The Supreme Court Ruling on Taxpayer Funding for Private and/or Religious Schools
In a string of new cases being ruled on by the United States Supreme Court, the Court contemplated whether or not Montana’s revenue department legally banned tax-credit scholarships that went to religious schools. In a narrow 5-4 ruling, the Supreme Court held Montana’s tax credit program could not exclude religious schools.
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The Background of the Ban on Taxpayer Funding Benefiting Religious Schools in Montana
In 2015, Montana legislature allowed residents to receive tax credit up to a certain amount for contribution to a scholarship program for kids. The donations were then used to fund tuition scholarships for children who wished to go to private school. Unsurprisingly, many private schools carry some sort of religious affiliation.
Soon after the start of this program, the Montana Department of Revenue excluded religiously affiliated schools, citing constitutional concerns. The Montana Supreme Court invalidated the entire program, holding that the state Constitution prohibits funding to religious schools.
Arguments For and Against Allowing Religious Schools to Benefit from Taxpayer Funding
The Institute for Justice petitioned the United States Supreme Court to rule on the issue, citing violations of the equal protection clause of the federal constitution. The Department of Justice joined in on behalf of the Plaintiffs, arguing that the Montana Supreme Court violated the free exercise clause of the First Amendment.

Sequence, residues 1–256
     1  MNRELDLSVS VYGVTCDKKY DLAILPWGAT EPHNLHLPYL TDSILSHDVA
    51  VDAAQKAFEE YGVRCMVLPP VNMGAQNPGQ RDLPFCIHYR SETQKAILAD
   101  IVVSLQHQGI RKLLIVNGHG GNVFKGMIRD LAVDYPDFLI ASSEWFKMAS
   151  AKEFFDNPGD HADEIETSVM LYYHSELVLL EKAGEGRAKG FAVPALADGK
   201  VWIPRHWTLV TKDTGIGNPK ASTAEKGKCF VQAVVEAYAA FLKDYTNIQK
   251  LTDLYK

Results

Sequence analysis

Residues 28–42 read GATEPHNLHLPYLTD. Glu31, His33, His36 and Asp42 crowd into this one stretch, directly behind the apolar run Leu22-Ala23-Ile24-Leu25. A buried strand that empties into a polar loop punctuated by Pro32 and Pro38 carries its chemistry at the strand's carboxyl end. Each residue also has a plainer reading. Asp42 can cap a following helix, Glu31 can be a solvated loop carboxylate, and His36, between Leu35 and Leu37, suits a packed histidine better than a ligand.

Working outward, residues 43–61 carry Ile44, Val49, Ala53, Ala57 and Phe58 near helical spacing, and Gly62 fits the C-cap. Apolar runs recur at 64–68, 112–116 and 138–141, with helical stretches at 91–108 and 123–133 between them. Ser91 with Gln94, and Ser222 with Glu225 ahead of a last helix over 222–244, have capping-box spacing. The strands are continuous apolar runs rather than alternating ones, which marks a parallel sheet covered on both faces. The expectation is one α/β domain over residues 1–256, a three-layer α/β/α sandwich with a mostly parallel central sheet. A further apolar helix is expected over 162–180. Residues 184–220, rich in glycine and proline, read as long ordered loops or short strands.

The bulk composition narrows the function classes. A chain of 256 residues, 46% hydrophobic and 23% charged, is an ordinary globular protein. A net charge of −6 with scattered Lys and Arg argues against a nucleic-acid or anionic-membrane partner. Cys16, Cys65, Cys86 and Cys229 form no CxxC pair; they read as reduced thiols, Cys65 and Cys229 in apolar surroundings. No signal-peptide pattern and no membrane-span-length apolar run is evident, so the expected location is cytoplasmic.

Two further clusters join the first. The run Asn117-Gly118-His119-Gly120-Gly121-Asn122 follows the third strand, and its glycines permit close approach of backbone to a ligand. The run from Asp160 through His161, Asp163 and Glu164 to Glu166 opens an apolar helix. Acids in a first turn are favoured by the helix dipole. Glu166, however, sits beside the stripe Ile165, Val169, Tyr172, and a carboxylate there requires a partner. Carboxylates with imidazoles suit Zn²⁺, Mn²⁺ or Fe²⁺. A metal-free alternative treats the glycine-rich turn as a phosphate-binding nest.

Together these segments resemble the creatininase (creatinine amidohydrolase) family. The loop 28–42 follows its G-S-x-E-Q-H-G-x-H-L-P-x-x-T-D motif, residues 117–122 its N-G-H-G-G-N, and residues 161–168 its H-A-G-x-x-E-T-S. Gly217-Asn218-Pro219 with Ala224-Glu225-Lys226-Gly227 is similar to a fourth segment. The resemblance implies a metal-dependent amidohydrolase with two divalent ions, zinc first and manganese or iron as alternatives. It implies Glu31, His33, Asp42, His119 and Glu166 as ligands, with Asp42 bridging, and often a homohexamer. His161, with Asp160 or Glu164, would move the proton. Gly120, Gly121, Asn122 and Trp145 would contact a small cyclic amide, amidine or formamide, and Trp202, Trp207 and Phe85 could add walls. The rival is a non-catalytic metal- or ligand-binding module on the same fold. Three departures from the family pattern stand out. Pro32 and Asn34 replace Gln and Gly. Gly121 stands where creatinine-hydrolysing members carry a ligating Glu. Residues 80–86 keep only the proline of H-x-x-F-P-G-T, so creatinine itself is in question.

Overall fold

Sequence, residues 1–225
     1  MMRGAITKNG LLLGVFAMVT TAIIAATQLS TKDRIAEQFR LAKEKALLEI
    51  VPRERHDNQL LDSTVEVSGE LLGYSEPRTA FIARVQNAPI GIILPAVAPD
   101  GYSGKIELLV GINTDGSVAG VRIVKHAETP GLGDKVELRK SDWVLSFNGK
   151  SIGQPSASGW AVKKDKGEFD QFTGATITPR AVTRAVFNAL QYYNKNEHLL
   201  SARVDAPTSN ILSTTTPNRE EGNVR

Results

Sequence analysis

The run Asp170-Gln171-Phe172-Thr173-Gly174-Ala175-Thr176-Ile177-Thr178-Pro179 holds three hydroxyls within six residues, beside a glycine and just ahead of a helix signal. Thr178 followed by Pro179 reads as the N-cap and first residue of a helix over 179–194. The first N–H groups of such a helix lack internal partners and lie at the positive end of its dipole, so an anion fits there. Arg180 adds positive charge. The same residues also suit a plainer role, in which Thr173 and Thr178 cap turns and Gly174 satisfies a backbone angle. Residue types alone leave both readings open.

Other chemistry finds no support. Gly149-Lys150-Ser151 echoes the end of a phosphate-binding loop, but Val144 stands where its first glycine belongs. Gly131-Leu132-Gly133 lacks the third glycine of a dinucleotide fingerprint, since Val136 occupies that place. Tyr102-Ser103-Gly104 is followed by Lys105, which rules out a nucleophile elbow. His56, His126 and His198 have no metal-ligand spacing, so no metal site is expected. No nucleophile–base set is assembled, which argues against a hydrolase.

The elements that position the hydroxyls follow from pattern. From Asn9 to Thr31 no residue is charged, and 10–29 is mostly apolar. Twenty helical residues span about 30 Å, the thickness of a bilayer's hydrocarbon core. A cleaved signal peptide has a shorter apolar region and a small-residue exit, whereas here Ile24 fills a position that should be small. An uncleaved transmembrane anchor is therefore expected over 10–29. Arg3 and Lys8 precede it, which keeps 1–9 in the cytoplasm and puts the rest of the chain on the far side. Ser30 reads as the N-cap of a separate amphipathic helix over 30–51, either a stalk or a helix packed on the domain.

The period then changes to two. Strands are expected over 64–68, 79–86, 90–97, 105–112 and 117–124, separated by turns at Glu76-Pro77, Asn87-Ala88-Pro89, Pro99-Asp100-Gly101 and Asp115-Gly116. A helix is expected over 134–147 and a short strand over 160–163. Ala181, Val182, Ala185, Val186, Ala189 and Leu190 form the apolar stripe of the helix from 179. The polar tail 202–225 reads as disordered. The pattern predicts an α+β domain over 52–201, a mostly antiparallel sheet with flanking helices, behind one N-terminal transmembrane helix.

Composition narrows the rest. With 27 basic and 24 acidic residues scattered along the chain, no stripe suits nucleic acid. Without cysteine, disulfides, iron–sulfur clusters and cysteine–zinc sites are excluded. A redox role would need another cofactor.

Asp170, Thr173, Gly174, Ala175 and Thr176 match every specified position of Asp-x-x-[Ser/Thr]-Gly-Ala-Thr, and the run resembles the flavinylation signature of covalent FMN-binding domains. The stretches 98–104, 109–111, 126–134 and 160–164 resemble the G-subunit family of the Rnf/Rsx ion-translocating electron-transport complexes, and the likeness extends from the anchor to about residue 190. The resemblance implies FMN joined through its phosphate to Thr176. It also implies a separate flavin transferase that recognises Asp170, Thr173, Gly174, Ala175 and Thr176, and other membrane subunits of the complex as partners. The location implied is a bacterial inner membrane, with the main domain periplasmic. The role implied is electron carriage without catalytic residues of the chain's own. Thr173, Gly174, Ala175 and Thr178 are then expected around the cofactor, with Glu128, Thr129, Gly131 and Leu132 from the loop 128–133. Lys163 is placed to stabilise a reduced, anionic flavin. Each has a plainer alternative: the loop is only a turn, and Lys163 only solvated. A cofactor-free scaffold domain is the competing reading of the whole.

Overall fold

The State of Montana argued that it was constitutional as it kept church and state apart. It was adequately balancing the liberties of free exercise of religion while balancing freedom from religion.
Key Opinions from the Supreme Court
The Supreme Court of the United States held that the Montana State Supreme Court erred in prohibiting funds from going to religious schools. In reaching its opinion, Chief Justice Roberts reasoned that the Court “accept the Montana Supreme Court’s interpretation of state law…and we assess whether excluding religious schools and affected families from that program was consistent with the Federal Constitution.” Espi noza, et al. v. Montana Department of Revenue, et al. No. 18-1195, pg. 7 (2020). The Court further reasoned that the prohibition was based in religious status and not religious use. Status based discrimination remains status based even if its goals is to prevent the aid from being used for religious purposes. Applying strict scrutiny, the toughest form of judicial review, the Court held that the State of Montana’s bar on religious schools receiving aid discriminates based on religious status.
Justice Thomas and Justice Gorsuch, in their concurring opinion, that this case involves the Free Exercise Clause and not the Establishment clause. As a result, the law was reinstated. The Judgment of the Montana Supreme Court was reversed and sent back for further proceedings that were in accordance with the United States Supreme Court’s ruling.
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An Overview of the Ruling
Paying attention to current events and want to understand more about the United States Supreme Court’s ruling on the state ban on private and/or religious school funding? Here’s an overview:
- In a 5-4 ruling, the Supreme Court held Montana’s tax credit program could not exclude religious schools
- In 2015, Montana allowed residents to receive tax credits for a contribution to a scholarship program for kids that benefited private religious schools
- The Montana Supreme Court invalidated the program holding that the state Constitution prohibits funding to religious schools
- The Judgment of the Montana Supreme Court was reversed and sent back for further proceedings that were in accordance with the United States Supreme Court’s ruling
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